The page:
Aberlour is a town in Moray, Scotland, 12 miles (20 km) south of Elgin on the road to Grantown. The Lour burn is a tributary of the River Spey, and it and the surrounding parish are both named Aberlour, but the name is more commonly used in reference to the village which straddles the stream and flanks the Spey – although the full name of the village is Charlestown of Aberlour.

<span class="mw-page-title-main">Speyside Way</span>

The Speyside Way is a long-distance path in the Scottish Highlands. The route begins in Buckie and ends at Newtonmore,137 kilometres (85 mi) away. There is an optional spur leading off the main route to Tomintoul, adding 25 kilometres (16 mi) and 865 metres (2,838 ft) of ascent.

The Strathspey Railway (SR) in Badenoch and Strathspey, Highland, Scotland, operates a ten-mile (16 km) heritage railway from Aviemore to Broomhill, Highland via Boat of Garten, part of the former Inverness and Perth Junction Railway which linked Aviemore with Forres. It is one of only a handful of former primary/secondary main lines to be preserved in Britain today.

<span class="mw-page-title-main">Newtonmore</span> Human settlement in Scotland

Newtonmore is a village in the Highland council area of Scotland. The village is only a few miles from a location that is claimed to be the exact geographical centre of Scotland.

Longmorn is a village in Moray, Scotland, famous for its malt whisky distilleries. It lies approximately 2+12 miles (4 km) south of Elgin, on the main road from Elgin to Rothes.

<span class="mw-page-title-main">Craigellachie, Moray</span> Human settlement in Scotland

Craigellachie is a small village in Moray, Scotland, at the confluence of the River Spey and River Fiddich, in walking distance of the town of Aberlour.

The Strathspey Railway was a railway company in Scotland that ran from Dufftown (in Moray to Boat of Garten (in Badenoch and Strathspey]], Scotland. It was proposed locally but supported by the larger Great North of Scotland Railway, which wanted to use it as an outlet towards Perth. The GNoSR had to provide much of the funding, and the value of traffic proved to be illusory. The line opened in 1863 to Abernethy, but for the time being was unable to make the desired connection to the southward main line. Although later some through goods traffic developed, the route never achieved its intended purpose.

The Strathspey & Badenoch Welfare Football Association is the governing body overseeing amateur Scottish Welfare football in the Badenoch and Strathspey area of Scotland. It is affiliated to Scottish Welfare Football Association and Scottish Football Association and has been running intermittently since its inaugural season in 1929–30. The winners on that occasion were the now-defunct Nethy Bridge F.C.

<span class="mw-page-title-main">Insh</span> Human settlement in Scotland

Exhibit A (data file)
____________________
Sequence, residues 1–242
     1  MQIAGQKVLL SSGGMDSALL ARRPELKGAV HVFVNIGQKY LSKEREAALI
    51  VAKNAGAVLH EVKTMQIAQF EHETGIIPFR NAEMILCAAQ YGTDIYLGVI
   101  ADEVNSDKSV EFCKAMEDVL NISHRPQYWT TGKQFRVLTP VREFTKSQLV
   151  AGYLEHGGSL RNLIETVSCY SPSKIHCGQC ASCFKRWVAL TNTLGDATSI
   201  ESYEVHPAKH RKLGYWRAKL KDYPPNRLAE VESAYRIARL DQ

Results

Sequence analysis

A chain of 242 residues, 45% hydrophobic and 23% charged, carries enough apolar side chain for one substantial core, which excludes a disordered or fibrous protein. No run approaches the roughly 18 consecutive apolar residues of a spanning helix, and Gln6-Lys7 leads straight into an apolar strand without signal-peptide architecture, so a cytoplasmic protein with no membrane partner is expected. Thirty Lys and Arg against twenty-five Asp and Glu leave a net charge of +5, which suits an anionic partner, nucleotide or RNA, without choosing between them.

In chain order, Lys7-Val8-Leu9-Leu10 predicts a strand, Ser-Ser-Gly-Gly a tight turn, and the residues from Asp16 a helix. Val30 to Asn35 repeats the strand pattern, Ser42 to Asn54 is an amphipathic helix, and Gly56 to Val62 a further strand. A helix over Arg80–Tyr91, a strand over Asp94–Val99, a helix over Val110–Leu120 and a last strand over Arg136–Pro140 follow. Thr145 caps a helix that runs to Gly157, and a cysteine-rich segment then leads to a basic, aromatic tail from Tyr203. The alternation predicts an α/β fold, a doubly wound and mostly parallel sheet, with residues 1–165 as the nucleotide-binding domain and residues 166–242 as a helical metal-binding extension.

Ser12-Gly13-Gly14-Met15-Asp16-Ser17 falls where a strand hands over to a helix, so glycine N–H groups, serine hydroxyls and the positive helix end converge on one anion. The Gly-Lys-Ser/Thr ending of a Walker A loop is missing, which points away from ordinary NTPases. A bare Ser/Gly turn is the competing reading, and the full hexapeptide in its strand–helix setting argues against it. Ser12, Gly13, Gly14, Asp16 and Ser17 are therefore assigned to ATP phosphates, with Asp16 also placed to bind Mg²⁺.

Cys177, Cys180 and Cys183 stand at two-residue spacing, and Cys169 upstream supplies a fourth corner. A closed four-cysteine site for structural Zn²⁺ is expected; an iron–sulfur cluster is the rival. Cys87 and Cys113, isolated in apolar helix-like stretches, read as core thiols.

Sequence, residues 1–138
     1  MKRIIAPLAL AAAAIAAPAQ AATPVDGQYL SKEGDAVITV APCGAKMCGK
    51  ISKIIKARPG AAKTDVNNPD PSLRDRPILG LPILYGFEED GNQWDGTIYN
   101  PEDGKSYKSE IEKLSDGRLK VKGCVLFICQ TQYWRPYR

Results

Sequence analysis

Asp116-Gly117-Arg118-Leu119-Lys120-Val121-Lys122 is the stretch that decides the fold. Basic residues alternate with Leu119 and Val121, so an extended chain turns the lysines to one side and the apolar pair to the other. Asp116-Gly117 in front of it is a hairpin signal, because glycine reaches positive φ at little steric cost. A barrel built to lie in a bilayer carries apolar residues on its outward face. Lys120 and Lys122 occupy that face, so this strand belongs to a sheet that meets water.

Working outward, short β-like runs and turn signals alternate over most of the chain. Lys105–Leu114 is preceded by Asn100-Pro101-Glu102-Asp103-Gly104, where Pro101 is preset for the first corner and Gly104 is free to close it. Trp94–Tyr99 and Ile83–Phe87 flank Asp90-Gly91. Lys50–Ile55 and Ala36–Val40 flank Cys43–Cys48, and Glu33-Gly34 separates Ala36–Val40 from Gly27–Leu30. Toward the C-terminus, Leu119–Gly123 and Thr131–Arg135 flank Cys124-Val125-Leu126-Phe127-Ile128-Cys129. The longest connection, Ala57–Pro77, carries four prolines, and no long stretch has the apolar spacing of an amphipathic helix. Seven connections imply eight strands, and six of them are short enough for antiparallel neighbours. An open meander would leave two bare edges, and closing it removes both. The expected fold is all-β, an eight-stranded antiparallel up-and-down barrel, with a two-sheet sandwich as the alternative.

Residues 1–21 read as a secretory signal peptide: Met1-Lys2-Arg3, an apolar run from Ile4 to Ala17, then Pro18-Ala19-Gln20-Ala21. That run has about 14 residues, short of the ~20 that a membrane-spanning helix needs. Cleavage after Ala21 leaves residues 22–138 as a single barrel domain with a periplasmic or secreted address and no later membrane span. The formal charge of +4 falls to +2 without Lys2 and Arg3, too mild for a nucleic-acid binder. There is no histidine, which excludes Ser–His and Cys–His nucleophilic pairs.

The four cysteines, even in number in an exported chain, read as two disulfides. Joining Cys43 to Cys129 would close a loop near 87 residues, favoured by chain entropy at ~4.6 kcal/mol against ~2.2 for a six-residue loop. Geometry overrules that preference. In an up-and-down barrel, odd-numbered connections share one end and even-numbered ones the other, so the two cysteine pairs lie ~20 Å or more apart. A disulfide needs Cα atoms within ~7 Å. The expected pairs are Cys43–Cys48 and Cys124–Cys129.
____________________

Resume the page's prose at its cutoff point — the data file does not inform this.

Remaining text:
Insh is a village in Highland, Scotland that lies on the east coast of the Insh Marshes. It is in the Badenoch and Strathspey area, around 3+12 miles east of Kingussie, in the Spey valley. It is located in historic Inverness-shire. The B970 road from Kingussie to Kincraig and Aviemore passes through the village. At the other side of the valley is the major A9 road from Inverness to the Central Belt. Along the road towards Ruthven Barracks is the small Speyside Distillery.

<span class="mw-page-title-main">Strathspey Camanachd</span>

Strathspey Camanachd is a shinty club based in Grantown-on-Spey, Strathspey, Scotland, currently competing in the Marine Harvest North Division Two.

<span class="mw-page-title-main">East Highland Way</span>

The East Highland Way is a long distance walking route in Scotland that connects Fort William (56.8178°N 5.1109°W) with the ski and mountain resort of Aviemore (57.1899°N 3.8292°W). The route was described by Kevin Langan in 2007. The name is derived from the fact that the route terminates in Aviemore at the eastern edge of Highland region. The EHW route takes in a varied and wild landscape through deep forest plantations, passing many highland lochs and negotiating unspoilt marshlands. The route also explores the ancient Caledonian forests of Inshriach. The walk is 82 miles (132 km) long.

References

  1. 1 2 "Spey Fishery Board". Archived from the original on 22 February 2007. Retrieved 21 August 2006.
  2. "River Spey - Insh Marshes". Ramsar Sites Information Service. Retrieved 25 April 2018.
  3. Clayton, Phil (2012). Headwaters: Walking to British River Sources (First ed.). London: Frances Lincoln Limited. p. 207. ISBN   9780711233638.
  4. 1 2 3 4 5 Rhys, Guto. "Approaching the Pictish language: historiography, early evidence and the question of Pritenic" (PDF). University of Glasgow. University of Glasgow.
  5. Ross, D. 2001 Scottish Place-names Birlinn, Edinburgh p200
  6. Ordnance Survey 1:50,000 scale Landranger map sheets 28 Elgin, 34 Fort Augustus, 35 Kingussie, 36 Grantown & Aviemore and 42 Loch Rannoch
  7. "Exploring Scotland's historic whisky trail". www.bbc.com/travel.